Sprint and T-Mobile are bringing affordable unlimited data plans back into fashion.
In dueling press releases Thursday, Sprint and T-Mobile announced competing unlimited data plans for wireless customers who are willing to sacrifice video quality. The new plans cost significantly less than the $95 a month each company currently charges for unlimited data.
For both carriers, the unlimited data plans require that all video on the service be streamed in standard definition rather than high definition, greatly reducing the amount of bandwidth that traverses their networks. A standard-definition video consumes five times less network capacity than a high-definition video, according to Roger Entner, an analyst with Recon Analytics.
Sprint's and T-Mobile's new plans show how smaller players can creatively attack their larger rivals. Since AT&T and Verizon abandoned unlimited plans years ago, Sprint and T-Mobile have each touted their unlimited offers to attract new customers. Now, the two smaller carriers say they can offer unlimited data at much lower prices. (Note: Since January, AT&T has been offering a promotion of unlimited wireless data for phone customers who also sign up for its U-verse or DirecTV satellite TV service.)
"Video is a huge driver of data," Entner said. "Offering video at a lower quality is the only way carriers can continue to offer unlimited data."
The plans underscore the intense competition in the wireless market as carriers copy offers to vie for new customers. T-Mobile was the first company to test the waters in offering lower-quality video at a reduced price. The company's Binge On service introduced last year allows customers to stream video in standard definition from certain sites without it counting against their monthly data plans. Now, the carrier is expanding the offer so all its data is offered on an unlimited basis so long as video is streamed in standard definition. Sprint is using the same concept to reduce the price of its new Unlimited Freedom plan.
"The wireless industry is extremely competitive," said David Tovar, vice president of corporate communications for Sprint. "We are always watching the competition to try and take something that appears popular and make it even better. That's what we have done here by offering a really compelling offer."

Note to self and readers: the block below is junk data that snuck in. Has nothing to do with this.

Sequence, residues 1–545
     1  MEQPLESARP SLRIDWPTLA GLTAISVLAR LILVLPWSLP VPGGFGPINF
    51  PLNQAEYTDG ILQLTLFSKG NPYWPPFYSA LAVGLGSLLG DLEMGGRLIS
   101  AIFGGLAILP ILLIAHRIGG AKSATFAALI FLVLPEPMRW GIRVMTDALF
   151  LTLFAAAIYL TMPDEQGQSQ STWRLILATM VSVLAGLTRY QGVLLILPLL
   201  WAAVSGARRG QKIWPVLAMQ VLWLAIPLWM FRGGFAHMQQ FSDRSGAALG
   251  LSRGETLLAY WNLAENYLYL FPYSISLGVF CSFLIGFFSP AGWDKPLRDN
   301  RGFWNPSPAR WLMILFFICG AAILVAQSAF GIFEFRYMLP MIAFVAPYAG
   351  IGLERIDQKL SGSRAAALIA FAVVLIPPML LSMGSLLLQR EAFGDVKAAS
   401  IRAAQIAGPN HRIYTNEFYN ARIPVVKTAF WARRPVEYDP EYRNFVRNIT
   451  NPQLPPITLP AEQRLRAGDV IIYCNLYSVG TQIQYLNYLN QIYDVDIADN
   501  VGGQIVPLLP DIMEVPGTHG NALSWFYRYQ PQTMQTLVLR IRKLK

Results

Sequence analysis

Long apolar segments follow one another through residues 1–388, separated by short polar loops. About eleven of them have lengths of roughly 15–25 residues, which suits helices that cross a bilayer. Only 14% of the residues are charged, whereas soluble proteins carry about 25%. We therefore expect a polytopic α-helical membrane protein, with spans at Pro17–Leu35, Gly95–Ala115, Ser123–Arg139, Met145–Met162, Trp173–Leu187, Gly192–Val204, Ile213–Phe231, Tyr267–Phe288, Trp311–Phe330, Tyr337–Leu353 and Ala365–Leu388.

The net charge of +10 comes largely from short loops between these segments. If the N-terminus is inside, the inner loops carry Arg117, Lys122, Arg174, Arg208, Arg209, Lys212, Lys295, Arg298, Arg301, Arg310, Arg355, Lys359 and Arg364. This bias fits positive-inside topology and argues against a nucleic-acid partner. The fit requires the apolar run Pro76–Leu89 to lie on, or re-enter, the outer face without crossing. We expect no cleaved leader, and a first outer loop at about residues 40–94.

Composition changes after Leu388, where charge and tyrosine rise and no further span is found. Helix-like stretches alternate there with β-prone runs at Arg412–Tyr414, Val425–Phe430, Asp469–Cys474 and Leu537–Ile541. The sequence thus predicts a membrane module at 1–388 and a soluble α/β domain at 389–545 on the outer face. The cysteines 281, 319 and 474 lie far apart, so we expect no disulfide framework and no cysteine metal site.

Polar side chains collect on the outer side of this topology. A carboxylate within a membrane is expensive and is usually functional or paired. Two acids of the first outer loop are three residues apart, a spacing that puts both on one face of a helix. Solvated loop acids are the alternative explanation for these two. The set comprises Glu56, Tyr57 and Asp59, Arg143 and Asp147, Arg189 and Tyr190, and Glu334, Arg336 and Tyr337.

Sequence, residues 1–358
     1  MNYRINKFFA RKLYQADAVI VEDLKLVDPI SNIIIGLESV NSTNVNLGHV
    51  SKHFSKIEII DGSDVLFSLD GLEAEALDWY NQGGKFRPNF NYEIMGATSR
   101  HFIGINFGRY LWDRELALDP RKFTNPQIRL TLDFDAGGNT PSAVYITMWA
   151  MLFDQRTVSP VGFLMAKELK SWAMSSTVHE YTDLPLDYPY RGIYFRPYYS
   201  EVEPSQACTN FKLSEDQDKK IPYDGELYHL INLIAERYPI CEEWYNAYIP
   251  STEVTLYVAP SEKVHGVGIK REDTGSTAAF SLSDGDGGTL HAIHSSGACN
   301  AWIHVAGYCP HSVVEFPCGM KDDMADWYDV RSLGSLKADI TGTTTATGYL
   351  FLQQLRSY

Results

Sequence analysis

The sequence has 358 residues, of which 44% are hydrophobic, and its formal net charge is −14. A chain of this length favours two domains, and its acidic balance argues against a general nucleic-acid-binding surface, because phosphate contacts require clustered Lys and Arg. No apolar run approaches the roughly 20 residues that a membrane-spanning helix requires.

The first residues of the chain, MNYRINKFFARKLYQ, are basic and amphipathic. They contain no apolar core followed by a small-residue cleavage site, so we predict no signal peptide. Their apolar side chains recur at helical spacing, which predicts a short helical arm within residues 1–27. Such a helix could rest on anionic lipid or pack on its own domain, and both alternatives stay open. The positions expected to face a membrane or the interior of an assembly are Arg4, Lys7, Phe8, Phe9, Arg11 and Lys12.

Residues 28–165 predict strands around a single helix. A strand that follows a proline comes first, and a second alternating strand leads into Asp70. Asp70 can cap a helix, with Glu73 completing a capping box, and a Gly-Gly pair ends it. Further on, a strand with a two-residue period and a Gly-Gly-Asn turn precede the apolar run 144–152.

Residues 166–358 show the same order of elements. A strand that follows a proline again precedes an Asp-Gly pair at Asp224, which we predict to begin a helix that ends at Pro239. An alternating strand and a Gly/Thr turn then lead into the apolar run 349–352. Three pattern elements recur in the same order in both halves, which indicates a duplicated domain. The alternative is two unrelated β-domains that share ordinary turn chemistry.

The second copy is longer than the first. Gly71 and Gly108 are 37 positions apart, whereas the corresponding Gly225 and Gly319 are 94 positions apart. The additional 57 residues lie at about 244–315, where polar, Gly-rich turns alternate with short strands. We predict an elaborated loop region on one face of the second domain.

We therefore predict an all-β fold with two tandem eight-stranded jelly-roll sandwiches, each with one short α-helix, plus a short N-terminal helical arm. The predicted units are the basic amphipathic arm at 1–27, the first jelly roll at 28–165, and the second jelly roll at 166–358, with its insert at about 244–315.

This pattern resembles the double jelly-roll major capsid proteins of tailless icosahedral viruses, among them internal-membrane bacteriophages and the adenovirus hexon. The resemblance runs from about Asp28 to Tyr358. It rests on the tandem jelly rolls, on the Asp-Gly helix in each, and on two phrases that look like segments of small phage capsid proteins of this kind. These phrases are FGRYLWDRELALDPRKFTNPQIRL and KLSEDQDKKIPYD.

Sprint Unlimited Freedom vs. T-Mobile One
So which plan offers the best deal for consumers? That depends.
Sprint and T-Mobile have priced the two services to be nearly identical. Figuring out which service offers the best value depends on several factors, such as how many people are in the plan, where you live and work and whether you plan to use your phone as a mobile hotspot.
If you're a single person or even a couple subscribing to a T-Mobile plan, you will pay more for this new unlimited service than you would if you subscribed to Sprint. But a family of four will pay exactly the same regardless of whether you're using T-Mobile or Sprint.
Here are the numbers: T-Mobile's service is $70 for the first customer. The second line is $50 a month and additional lines will be $20 a month for up to eight lines with auto-pay turned on. That means for two people the cost is $120 a month or $60 a month per person.
Sprint's service starts at $60 for the first line, is $40 for the second line and $30 for each additional line up to five total subscribers. This means for two people on the plan the cost is $50 each per month, saving customers in both instances $10 a month. Pricing evens out by the time you have four people on a plan, with each person paying $40 a month whether it's Sprint or T-Mobile.
Another key difference is for customers who want to use their phone as a hotspot to connect other devices, like a laptop or tablet, via Wi-Fi or Bluetooth. T-Mobile charges extra for this feature, whereas Sprint doesn't. T-Mobile includes unlimited "tethering" or data sharing at 128 kilobits per second. If you want access to 4G speeds, you have to pony up an additional $15 for 5GB of data per month. Sprint offers tethering at full 4G speeds up to 5GB a month at no additional charge.
In general, Sprint's offer is a better deal. But it's only a better deal if you can get Sprint service where you live and work. T-Mobile has made significant strides over the past couple of years expanding its network footprint. It now covers more than 310 million customers with its 4G LTE service. Sprint, which has greatly improved its network speed and reliability in urban markets, still struggles in less densely populated areas. For customers who live and work in a big US city and don't travel too far outside of Sprint's territories, the competitively priced offer is a great deal. But for folks who live in the suburbs or beyond, T-Mobile's offer could be a better value even if it is slightly more expensive.
"Sprint's been competing as the price leader," Mike Sievert, chief operating officer for T-Mobile, said in an interview. "Nothing has changed there. They will continue to find ways to undercut the competition because their network is deficient."